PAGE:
REL 337W: Biblical Topics – Kingship Ideologies, Spring 2000.    SYLLABUS.    RJDKnauth
T/Th 1:00-2:50 pm.  Office D-320, tel: 321-4298, home: 326-3822, email: knauth@lycoming.edu.

Topic:  The Anti-Power Struggle in Israelite Kingship Ideals. An upper-level writing intensive seminar.

Using primarily the books of Judges, 1-2 Samuel and 1-2 Kings, we will explore Israelite kingship ideologies in their ancient Near Eastern context, including pro-monarchic and anti-monarchic biases within the texts, and especially the charismatic leadership ideal as exemplified by King David and contradicted by Solomon.

The primary purpose of this course is for you to develop deeper thinking with regard to a major biblical issue, and to see the study of the Bible as an ongoing process in which our answers often change over time, just as the text’s own answers to life-problems have changed over time.  This is also an ongoing topic of research for me in which my own views have changed dramatically, and will probably continue to change.  Readings are often repeated over the course of the semester precisely because you will be encouraged to re-examine the text from new perspectives each time.  This is also a “writing-intensive” course, which will seek to help you develop your writing skills.  Issues of writing will regularly be taken up in class, and assignments are designed to stress various aspects of the writing process.

Texts: The use of a complete Bible (any version) will be required in class.
          Other texts will be available on reserve at the library.

Some useful reference books which you may find in the library:
            Understanding the Old Testament, Anderson
            The Anchor Bible Dictionary
            Interpreter's Dictionary of the Bible
These will point the reader to further useful bibliography, as will the ATLA Religion Index:

ATLAReligion through FirstSearch http://www.lycoming.edu/library/firstsearch/index.htm.

    Course Requirements: 

1.      Attendance and informed participation (readings having been completed) at all class sessions will be expected, worth 10% of the final grade.

2.      There will be 6 short assignments and 2 paper proposals, worth 10% of  the final grade.  Assignments should be approx. 3 pgs each, typed, due in class on Thursdays, and will be the basis for class discussion on that day.  Late assignments will be accepted, but penalized, as preparedness will be crucial to our discussion time.

3.      There will be two take-home exams (each worth 15% of the final grade).  They will be open-book, limited-time (2 hours) essay exams (thematic, issue-oriented), taken on the honor system.  Review sheets will be handed out in advance.  Exams should be typed and handed in ON TIME as instructed in the syllabus.

4.      Two short (7 pg) Formal Papers will be written (each worth 15% of the final grade).  The first will be an Exegesis Essay (closely analyzing a biblical text and then giving a contemporary or personal application), the second will be a biblical research paper, with annotated bibliography.  One of these papers will then be chosen for revision and expansion (10 pgs max), to be presented in class (this Revision and oral presentation, plus peer review, will be worth an additional 20% of the final grade).  Proposals for these papers will be submitted in advance (see appended form); peer reviews and a visit to the writing center are required.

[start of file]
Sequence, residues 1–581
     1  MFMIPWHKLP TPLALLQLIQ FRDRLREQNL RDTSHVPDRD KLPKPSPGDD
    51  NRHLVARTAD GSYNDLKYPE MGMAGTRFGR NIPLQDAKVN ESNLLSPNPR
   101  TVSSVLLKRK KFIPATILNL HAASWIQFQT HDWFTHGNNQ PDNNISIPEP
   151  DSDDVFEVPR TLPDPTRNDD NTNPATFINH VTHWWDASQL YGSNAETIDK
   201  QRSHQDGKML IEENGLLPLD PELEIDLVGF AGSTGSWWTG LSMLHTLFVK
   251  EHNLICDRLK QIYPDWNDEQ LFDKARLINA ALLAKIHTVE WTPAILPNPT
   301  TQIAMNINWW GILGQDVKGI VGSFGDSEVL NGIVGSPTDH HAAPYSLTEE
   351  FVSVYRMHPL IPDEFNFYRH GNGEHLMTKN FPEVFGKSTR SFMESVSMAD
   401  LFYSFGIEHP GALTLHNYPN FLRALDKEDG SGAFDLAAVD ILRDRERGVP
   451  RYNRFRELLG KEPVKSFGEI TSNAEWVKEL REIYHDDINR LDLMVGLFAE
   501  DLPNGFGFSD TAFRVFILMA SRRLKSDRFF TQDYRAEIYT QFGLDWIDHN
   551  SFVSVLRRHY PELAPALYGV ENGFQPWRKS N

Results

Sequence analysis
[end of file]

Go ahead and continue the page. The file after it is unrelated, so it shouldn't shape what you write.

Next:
**Formal Papers and Revisions will be due on Friday at midnight in the mailbox outside the instructor's office door (D-320).  Since any papers delivered after 5:00 pm will not be received until the following Monday morning, any papers found in the box on the Monday morning will be considered to be on time.  Please do not ask for last-minute short extensions because of printing problems and the like.  Just get your papers in the box by first thing Monday morning.  Any papers received after that, unless there is a serious excuse such as a major illness (with a note from the doctor), family emergency (with a note from parents), or other serious problem, will be penalized at the discretion of the instructor.

Note:  Plagiarism (copying material from books, articles, web sites, or other students’ work without citing your source) will not be tolerated in the formal papers, in the exams, or in the short assignments.

Schedule of Classes:

Week 1:  Introduction – Deuteronomistic History and the Charismatic Ideal

  Read Malamat, “Charismatic Leadership in the Book of Judges,” Magnalia Dei (on reserve).

            T  (Jan 11)- Introduction.  Martin Noth and the Deuteronomistic History

            Th (Jan 13)- General overview of the Charismatic Leadership Ideal in Israel

 

Week 2:  Contrasting Kingship Ideals

  Read Exod. 1:1-7:7; Deut. 17:8-20; 2 Sam. 7, 11-12; 1 Kings 12,14, 21; Daniel 2-3; Esther 1, 3-4, 8.

            T  (Jan 18)-  Contrasts with Egyptian and Mesopotamian Kingship, the case of the Ur III Dynasty

            Th (Jan 20)- Canaanite Kingship and the case of Naboth’s vineyard (1Kings 21)

                                    Israelite experience of slavery as foundational to ideas of justice.

 

Week 3:  Examples of Charismatic Leadership

  Moses: Read Exod. 1-19, 32-34; Num. 11-14, 16-17, 20-21, 25, 27, 31.

  Judges: Read Judges 3:15-25, 4:4-9, 6:1-7:22, 11:1-11, 13:2-14:20; 1 Sam. 1-3, 9-10, 16-17; Deut. 9.

            T  (Jan 25)- Moses exemplifying the charismatic ideal, or “Moses: Standing in the Gap.”

                                    Writing: choosing a focus and formulating a thesis.

            Th (Jan 27)- Charismatic Leadership in Judges and beyond.

**Assignment 1: Compose a sermon outline based on the story of Gideon entitled: “Send the army home!”

 

Week 4:  Pro- and Anti-Monarchic tendencies in the book of Judges 

  Read the book of Judges.

            T  (Feb 1)- Gideon and Abimelech, Jotham’s Fable:  “God is your King!”  Writing: Using Evidence.

            Th (Feb 3)- The structure of Judges, pattern of decay: “In those days…”

**Assignment 2: Is/was Judges primarily pro-monarchic or anti-monarchic?

            Support your answer with evidence from the text.

**1st Paper Proposal for Exegesis Essay due Friday (2/4) on a topic related to the themes of the class.

 

Week 5:  Samuel and the Ark Narrative

  Read 1 Sam. 1:1-25:1, 28:3-25 (noting especially the role of Samuel); 1 Sam. 4-7, 2 Sam. 6 (Ark narrative).